Thursday, October 2, 2008

Save Some Bucks – How to Seal Heating Ducts!

I am on a mission to seek out and destroy air leaks in The Condo so I can save money on my heating and cooling bills this year. According to energystar.gov it will be worth it too:
“EPA estimates that homeowners can typically save up to 20% of heating and cooling costs (or up to 10% of total energy costs) by air sealing their homes
and adding insulation in attics, floors over crawl spaces, and accessible basement rim joists.”

One place to look for air leaks is in the heating and air-conditioning (also known as HVAC) ducts in your home (or Condo.) Air leaks make your HVAC system use more fuel and work harder to do the job it’s supposed to do. And that can cost you money. Especially if those air leaks are in the unheated/uncooled areas of your home such as a basement, or in my case, in an unheated utility room.

There are generally two places where air leaks occur and that you need to seal:



  • The area where two pieces of air duct are connected together
  • The area in the wall where the ductwork meets/goes into the wall
This is a very cheap and easy project that even a novice handy gal (or guy) can do. If you can cut and stick a piece of tape and squirt a can of shaving cream, then you are more than qualified to do this project.

How to Seal Connections in HVAC Ducts the Easy Way

MaterialsRoll of metal/aluminum tape (also called Sheating tape)
Scissors
A ladder (optional)

Do It
Most the leaks in air ducts will occur where two pieces of the air duct are joined together. The quickest and easiest way to ensure that air isn’t leaking from the joint is to cut a long piece of metal tape, climb a ladder (if need be), and wrap the tape around the area where two pieces of ductwork meet. Smooth down the edges of the tape around the duct joint, and ta da! You’ve just sealed an air leak in an air duct connection!

Photobucket


Traditional duct tape has a thousand and one uses; unfortunately sealing ducts isn’t one of them. Cloth or plastic duct tape will loosen over time and you’ll have to keep retaping your ducts. Save yourself some trouble, spend a little extra money (I think it cost me only a couple of dollars more to buy metal tape than it would to buy regular duct tape) and buy the metal tape.


Mind the Gap: How to Seal Gaps between HVAC Ducts and Walls the Easy Way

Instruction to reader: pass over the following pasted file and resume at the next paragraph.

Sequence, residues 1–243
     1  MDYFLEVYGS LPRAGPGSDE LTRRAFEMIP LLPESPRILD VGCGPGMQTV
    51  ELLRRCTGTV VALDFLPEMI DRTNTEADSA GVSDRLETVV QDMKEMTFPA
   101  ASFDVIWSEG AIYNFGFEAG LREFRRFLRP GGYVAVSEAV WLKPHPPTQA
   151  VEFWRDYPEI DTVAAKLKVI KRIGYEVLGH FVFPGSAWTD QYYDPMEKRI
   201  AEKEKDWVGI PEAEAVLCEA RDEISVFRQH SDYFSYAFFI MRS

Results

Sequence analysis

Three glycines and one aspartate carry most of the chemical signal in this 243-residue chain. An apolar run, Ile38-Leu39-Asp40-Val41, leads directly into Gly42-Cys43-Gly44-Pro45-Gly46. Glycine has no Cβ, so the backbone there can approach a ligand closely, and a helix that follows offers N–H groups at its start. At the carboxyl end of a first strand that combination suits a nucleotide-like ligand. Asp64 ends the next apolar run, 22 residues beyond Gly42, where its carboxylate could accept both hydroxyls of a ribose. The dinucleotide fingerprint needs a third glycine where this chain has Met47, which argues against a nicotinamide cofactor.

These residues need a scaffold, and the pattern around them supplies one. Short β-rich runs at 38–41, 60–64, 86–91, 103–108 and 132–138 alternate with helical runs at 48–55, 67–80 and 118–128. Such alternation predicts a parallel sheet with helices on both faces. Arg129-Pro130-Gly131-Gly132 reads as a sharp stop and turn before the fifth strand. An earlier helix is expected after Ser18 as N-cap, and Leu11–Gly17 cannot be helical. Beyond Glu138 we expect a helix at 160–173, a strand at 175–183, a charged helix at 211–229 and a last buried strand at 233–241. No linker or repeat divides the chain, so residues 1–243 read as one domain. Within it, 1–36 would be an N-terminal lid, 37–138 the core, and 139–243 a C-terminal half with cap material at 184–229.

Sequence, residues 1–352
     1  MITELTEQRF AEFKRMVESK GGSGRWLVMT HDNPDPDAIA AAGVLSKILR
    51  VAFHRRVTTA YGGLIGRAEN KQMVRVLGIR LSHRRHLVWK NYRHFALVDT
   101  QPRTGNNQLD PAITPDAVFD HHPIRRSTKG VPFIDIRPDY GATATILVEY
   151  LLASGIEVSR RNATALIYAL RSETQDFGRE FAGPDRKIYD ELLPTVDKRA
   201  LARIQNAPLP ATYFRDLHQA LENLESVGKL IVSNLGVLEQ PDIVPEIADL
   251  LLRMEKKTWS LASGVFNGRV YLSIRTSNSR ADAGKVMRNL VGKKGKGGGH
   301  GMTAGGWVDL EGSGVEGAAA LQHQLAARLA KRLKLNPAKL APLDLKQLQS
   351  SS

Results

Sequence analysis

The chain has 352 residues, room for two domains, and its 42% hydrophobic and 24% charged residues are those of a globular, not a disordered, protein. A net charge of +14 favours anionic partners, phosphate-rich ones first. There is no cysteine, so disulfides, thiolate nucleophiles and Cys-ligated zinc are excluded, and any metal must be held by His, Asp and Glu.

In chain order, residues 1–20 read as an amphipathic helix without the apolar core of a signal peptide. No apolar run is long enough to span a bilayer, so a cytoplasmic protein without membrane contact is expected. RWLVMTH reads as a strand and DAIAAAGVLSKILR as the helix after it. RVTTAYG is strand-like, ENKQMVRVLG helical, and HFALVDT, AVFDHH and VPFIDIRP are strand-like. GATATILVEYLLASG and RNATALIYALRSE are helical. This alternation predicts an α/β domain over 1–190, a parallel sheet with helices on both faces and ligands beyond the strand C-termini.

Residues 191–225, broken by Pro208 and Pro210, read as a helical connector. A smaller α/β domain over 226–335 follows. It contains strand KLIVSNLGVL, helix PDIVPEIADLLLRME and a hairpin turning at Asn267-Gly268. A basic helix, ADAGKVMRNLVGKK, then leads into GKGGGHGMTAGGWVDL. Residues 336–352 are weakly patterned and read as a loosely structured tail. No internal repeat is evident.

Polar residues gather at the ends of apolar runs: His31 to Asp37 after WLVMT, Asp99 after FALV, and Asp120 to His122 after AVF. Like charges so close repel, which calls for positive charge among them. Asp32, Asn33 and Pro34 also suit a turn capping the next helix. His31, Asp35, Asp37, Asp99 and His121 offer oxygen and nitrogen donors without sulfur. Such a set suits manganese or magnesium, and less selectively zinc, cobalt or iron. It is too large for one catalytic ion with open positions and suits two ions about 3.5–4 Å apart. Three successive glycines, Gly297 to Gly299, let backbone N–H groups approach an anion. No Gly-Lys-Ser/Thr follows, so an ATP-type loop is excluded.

Materials
Can of expanding spray foam insulation (for large gaps) or tube of caulk (for small gaps)
A ladder (optional)
Do It
If there is a gap between where your air duct meets the wall, climb a ladder (if need be), put the tip of can of the spray foam/caulk gun into the crack, pull the trigger to fill the gap with spray foam or caulk. Ta Da - you’ve just sealed a leak in an air duct!


Make sure you use spray foam in a well-ventilated place, otherwise, it may be best to use caulk for this project. After 24 hours, the spray foam will be hard enough for you to trim with a saw like in the video. I didn’t bother with that since I was sealing ducts in my utility room and no one but me, Husband, and possibly Blitzkrieg would see it.
Photobucket
Depending upon the brand and amount of spray foam that you use, this project can get a little messy. I recommend wearing old clothes and a pair of gloves. I didn’t wear gloves the last time I used spray foam and spent a week trying to wash dried spray foam off my hands with all sorts of soap, water, and ended up scrubbing it off my hands with a pumice stone. Did I mention that I had to scrub my hands raw in order to get the stuff off my hands? Ow. I would have saved myself a lot of trouble if I donned a pair of gardening gloves before I started my project.

Summer or early fall is the perfect time to seal your heating and cooling ductwork if not for one simple reason: You won’t singe your fingers on the outside of the heating ducts because the furnace is off and the outside of the heating and air conditioning air ducts are cool to the touch.

Trust me on this one. I know of where I speak.